Michael Ramirez and The Washington Post – Their Arrangement (for now)

Editorial cartoonist Michael Ramirez spoke to Fox News Digital about The Washington Post pulling his Hamas cartoon and revealed some details of his contract with the paper, and if that relationship will continue.

From Fox News Digital about the cartoon:

The conservative-leaning Ramirez shed light on his working relationship with Post opinions editor David Shipley, who handpicked the anti-Hamas cartoon after the cartoonist provided multiple options for him to choose from.

“In this case, we both thought that was a bold cartoon,” Ramirez said. 

During the course of discussing the cartoon, its implications, and The Post pulling it details of Michael’s employment with the paper were revealed.

Ramirez, who is employed by the Las Vegas Review-Journal, has a collaborative agreement with the Washington Post so that his work simultaneously appears in both papers on Tuesdays and Saturdays. 

While the [Washington Post] ultimately retracted the anti-Hamas cartoon, the Review-Journal is standing behind it.

November 11, 2023 cartoon © Las Vegas Review Journal/The Washington Post/Creators/Michael Ramirez

As for his future with The Washington Post:

“He knew that I wasn’t happy with it [the cartoon being yanked]… And he begged me not to quit,” Ramirez said. “And honestly, I thought about the consequences of that. If I quit, then the cancel culture people win because they basically exorcise the Washington Post of my cartoon, and I didn’t want to give them that luxury.”

“So I told David I would do two more cartoons for the Washington Post and just see how it goes and then reassess our relationship,” Ramirez added. 

As for any further comments by Michael:

The two-time Pulitzer Prize-winning artist told Fox News Digital he will have a cartoon addressing what transpired published in Sunday’s edition of the Review-Journal [link added] and will pen a piece to accompany it.

© Michael Ramirez

Further reading: Michael Ramirez interview with The Washington Free Beacon.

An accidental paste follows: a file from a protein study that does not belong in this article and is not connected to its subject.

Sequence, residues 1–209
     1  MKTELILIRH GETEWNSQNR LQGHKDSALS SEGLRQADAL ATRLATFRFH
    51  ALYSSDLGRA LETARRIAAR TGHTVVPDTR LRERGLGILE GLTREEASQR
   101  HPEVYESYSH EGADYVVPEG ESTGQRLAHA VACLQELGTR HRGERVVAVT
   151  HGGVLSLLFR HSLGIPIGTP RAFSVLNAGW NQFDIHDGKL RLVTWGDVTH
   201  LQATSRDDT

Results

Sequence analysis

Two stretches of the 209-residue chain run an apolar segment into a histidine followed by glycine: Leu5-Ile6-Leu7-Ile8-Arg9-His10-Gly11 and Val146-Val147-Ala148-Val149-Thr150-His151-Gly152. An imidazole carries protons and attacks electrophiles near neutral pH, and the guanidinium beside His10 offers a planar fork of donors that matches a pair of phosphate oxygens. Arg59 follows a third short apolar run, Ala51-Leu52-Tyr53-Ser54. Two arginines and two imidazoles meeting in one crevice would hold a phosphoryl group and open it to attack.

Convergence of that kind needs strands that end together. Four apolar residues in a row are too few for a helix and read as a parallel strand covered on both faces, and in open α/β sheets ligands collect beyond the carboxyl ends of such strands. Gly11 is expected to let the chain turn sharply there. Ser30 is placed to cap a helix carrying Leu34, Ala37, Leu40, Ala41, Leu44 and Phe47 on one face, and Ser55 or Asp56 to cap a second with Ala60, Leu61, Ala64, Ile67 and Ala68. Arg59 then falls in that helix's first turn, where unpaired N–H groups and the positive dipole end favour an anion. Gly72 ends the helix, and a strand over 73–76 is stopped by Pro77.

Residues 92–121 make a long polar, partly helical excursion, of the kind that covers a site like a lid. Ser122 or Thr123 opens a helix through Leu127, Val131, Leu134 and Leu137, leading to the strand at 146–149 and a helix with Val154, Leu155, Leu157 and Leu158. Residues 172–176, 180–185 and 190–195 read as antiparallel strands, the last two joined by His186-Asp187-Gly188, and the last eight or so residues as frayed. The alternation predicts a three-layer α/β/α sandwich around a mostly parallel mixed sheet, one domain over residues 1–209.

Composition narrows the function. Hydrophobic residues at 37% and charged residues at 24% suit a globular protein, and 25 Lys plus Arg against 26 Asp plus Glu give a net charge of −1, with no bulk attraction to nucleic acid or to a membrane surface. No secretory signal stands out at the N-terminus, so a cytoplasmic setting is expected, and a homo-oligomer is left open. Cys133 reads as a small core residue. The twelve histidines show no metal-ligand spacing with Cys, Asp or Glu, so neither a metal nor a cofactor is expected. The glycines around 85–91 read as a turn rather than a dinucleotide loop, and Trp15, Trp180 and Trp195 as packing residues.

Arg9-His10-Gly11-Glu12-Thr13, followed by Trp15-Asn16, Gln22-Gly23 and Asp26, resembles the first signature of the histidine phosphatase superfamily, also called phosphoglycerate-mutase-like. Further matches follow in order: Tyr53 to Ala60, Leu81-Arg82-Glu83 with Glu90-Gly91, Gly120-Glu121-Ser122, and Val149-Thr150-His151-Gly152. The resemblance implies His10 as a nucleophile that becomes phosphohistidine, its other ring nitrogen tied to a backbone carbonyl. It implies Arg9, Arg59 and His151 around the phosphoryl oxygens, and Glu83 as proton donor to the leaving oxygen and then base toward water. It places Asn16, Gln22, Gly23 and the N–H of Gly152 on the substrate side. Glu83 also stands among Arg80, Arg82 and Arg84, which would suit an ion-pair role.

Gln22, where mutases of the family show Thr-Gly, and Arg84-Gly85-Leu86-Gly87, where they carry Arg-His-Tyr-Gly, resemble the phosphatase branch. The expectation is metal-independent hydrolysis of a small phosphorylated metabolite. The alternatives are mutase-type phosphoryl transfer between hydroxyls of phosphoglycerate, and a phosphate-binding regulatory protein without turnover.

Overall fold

Ramirez expressed his disappointment over his cartoon’s removal, calling the move “a blow against … the freedom of speech.”

“When the intellectually indolent try to defend the indefensible, they always seem to resort to playing the race card,” Ramirez told the Free Beacon.

5 thoughts on “Michael Ramirez and The Washington Post – Their Arrangement (for now)

  1. Ramirez expressed his disappointment over his cartoon’s removal, calling the move “a blow against … the freedom of speech.”

    This action by the Washington Post had nothing to do with freedom of speech. Nothing. Any editorial cartoonist, as well as other political pundits in media, should know that and stop trying to use it as a shield from any and all criticism.

    1. Nothing gets a cartoon circulated more widely these days than being “cancelled” by its publisher. (Of which Mr. Wiley is also personally aware.)

  2. It’s a weird world. Given Ramirez’s caricature style, his portrayal is pretty much on model. It’s not a terribly original trope, but that’s what you get when Hamas keeps using the same strategy. But print media was a world of no-backsies. You couldn’t pull something that was already out. The internet has made it possible to take stuff back.

    The other problem is that editors are too scared of offense. I attribute this to Charlie Hebdo and it’s aftermath, where instead of showing solidarity with their own, editors cowered before the mob.

    So now we have editors tucking tail and running every time someone says boo.

    It’s happening on both sides of the spectrum. Steve Bell’s Cartoon was returned with the words “pound of flesh” when “WTF?” would have been the better comment.

  3. Wiley is correct. While I oppose the removal of the cartoon, it’s not a violation of free speech. Nobody has taken away Ramirez’s free speech and the cartoon being published repeatedly online is proof of that.
    Having a cartoon pulled by a newspaper or a tweet deleted doesn’t violate anyone’s free speech.
    Also, I believe publishers should stand behind cartoons after they select them, for better or worse. And I don’t even think this cartoon is very bold as it’s a concept I’ve seen done by multiple cartoonists.

    Ramirez isn’t really upset over this. It allows him to howl about “cancel culture” and play victim so he can continue to be the poster boy for right-wing cartoonists.

    It’s always a violation of free speech unless you’re trying to silence college protesters.

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